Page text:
A Vindication Of The Rights Of Men, In A Letter To The Right Honourable Edmund, by Mary Wollstonecraft
ADVERTISEMENT. Mr. Burke’s Reflections on the French Revolution first engaged my attention as the transient topic of the day; and reading it more for amusement than information, my indignation was roused by the sophistical arguments, that every moment crossed me, in the questionable shape of natural feelings and common sense. Many pages of the following letter were the effusions of the moment; but, swelling imperceptibly to a considerable size, the idea was suggested ivof publishing a short vindication of the Rights of Men. Not having leisure or patience to follow this desultory writer through all the devious tracks in which his fancy has started fresh game, I have confined my strictures, in a great measure, to the grand principles at which he has leveled many ingenious arguments in a very specious garb. A LETTER TO THE Right Honorable EDMUND BURKE. SIR, It is not necessary, with courtl...
Kewanee, Ill., Oct. 2. The funeral of the victims of the tragedy of the Markham home Saturday, in which eight lives were taken by the mother’s insane act, was held today. Only two coffins were used, one for Mrs Markham and the other for the seven children she killed, whose charred bodies were taken from the ashes of the home. Who can tell the amount of pent-up woe the above brief telegram contains? Here was a young woman of thirty-five years who had given birth to seven children, the eldest one eleven years, the youngest four months old. There was no “race suicide” in that house. The father, we are informed, was a poor truck-farmer in summer and did odd jobs in winter for an existence. The father, on learning of the awful deed, committed suicide on the spot! So the entire family of eight are gone. The first dispatches inform us that Mrs Markham had become despondent over family cares and the loneliness of farm life. How many more... (From : TheAnarchistLibrary.org.)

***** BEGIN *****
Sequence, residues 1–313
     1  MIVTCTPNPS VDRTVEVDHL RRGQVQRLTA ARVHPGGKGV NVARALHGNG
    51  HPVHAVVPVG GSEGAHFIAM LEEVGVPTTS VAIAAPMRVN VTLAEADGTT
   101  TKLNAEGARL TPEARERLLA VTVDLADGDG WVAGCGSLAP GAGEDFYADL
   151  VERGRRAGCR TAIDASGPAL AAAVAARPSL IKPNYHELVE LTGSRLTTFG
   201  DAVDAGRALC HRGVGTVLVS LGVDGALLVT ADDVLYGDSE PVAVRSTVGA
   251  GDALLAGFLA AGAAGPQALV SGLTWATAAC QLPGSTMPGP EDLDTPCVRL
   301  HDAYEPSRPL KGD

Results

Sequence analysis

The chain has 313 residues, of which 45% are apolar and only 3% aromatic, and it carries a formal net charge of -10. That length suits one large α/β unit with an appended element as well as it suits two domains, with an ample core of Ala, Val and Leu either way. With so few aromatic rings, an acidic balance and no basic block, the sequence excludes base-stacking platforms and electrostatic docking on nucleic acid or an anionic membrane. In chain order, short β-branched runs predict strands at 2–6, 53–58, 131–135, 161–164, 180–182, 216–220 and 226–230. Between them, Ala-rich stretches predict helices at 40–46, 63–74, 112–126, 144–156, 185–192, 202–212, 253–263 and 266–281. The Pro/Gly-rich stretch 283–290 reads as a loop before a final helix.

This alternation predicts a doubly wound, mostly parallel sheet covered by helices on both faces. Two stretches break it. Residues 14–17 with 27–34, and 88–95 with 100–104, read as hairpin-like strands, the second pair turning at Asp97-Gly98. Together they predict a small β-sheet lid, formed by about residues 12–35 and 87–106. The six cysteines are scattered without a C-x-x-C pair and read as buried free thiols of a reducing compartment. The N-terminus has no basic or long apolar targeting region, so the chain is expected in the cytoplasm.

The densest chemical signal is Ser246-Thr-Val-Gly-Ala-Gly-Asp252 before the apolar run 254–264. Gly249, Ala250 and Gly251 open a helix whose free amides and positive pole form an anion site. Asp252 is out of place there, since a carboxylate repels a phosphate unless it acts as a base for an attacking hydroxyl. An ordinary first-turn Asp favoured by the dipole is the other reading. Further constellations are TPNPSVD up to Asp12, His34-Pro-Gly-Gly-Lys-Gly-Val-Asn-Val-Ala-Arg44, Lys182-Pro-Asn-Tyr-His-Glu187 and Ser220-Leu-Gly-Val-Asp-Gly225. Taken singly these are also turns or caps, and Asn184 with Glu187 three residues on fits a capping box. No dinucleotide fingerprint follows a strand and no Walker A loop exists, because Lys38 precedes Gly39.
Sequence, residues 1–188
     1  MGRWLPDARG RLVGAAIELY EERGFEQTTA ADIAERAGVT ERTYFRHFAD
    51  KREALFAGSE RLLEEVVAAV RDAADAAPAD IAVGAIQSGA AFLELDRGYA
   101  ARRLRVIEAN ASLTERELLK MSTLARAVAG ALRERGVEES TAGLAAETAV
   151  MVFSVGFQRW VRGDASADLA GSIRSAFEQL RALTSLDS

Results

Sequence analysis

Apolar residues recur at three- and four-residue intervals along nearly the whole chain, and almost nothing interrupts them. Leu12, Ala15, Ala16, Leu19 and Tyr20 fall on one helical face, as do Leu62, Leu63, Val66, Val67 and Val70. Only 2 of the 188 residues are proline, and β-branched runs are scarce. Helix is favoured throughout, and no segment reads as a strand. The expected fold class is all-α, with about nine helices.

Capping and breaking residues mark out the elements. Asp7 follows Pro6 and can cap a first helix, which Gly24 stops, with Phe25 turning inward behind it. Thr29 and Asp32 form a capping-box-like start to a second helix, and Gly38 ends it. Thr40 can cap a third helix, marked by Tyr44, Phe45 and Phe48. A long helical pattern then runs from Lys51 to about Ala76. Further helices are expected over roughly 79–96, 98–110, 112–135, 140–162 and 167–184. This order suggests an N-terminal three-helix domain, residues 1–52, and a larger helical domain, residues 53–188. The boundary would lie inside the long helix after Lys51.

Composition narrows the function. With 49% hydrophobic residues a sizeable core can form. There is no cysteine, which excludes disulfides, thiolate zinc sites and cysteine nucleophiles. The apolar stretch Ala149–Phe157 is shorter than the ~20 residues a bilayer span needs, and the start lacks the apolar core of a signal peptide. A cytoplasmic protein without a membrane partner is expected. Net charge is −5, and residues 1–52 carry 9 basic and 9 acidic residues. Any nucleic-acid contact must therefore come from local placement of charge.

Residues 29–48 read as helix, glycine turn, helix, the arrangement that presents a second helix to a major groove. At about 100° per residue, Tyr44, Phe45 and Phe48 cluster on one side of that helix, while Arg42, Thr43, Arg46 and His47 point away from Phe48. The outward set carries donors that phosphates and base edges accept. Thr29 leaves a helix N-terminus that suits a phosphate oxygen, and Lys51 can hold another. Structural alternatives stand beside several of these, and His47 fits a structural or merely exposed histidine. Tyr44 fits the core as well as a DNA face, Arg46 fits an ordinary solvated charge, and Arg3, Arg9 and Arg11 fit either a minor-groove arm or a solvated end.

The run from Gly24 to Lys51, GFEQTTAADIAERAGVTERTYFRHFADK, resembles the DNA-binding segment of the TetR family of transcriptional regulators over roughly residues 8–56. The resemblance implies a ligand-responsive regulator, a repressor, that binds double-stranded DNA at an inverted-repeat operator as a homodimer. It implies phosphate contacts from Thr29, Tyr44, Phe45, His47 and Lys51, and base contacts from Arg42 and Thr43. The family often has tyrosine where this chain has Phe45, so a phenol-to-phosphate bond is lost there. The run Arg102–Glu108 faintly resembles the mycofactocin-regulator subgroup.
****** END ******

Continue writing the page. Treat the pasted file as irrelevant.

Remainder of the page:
(A lecture presenting the negative side of the question, whose positive was argued under the heading "They who marry do well," by Dr. Henrietta P. Westbrook; both lectures delivered before the Radical Liberal League, Philadelphia, April 28, 1907.) LET ME make myself understood on two points, now, so that when discussion arises later, words may not be wasted in considering things not in question: First -How shall we measure doing well or doing ill; Second -What I mean by marriage. So much as I have been able to put together the pieces of the universe in my small head, there is no absolute right or wrong; there is only a relativity, depending on the consciously though very slowly altering condition of a social race in respect to the rest of the world. Right and wrong are social conceptions: mind, I do not say human conceptions. The names "right" and "wrong," truly, are of human invention only; but the c... (From : Anarchy Archives.)
If our social arrangements were so adjusted that each person could follow that calling in life which they are by nature adapted for, what a great gainer society as a whole would be. These few who are so fortunate as to be able to follow the calling of their heart’s desire make a success of life. Florence Nightingale was one of the fortunate few, who could engage in that occupation for which she was best adapted. Florence Nightingale was a born nurse. In her was found that rare combination of heart, brain and sympathy which makes the ideal nurse. It is when one is laid low by the ravages of disease that they can appreciate to its utmost depth the value of human kindness. Many charming stories are told of Florence’s sympathetic nature even in her childhood: how she sought out wounded animals, and tenderly nursed them, and how she would scientifically bandage her dolls and would work earnestly at this occupation for hours at a time. Florence Nightingale&r... (From : TheAnarchistLibrary.org.)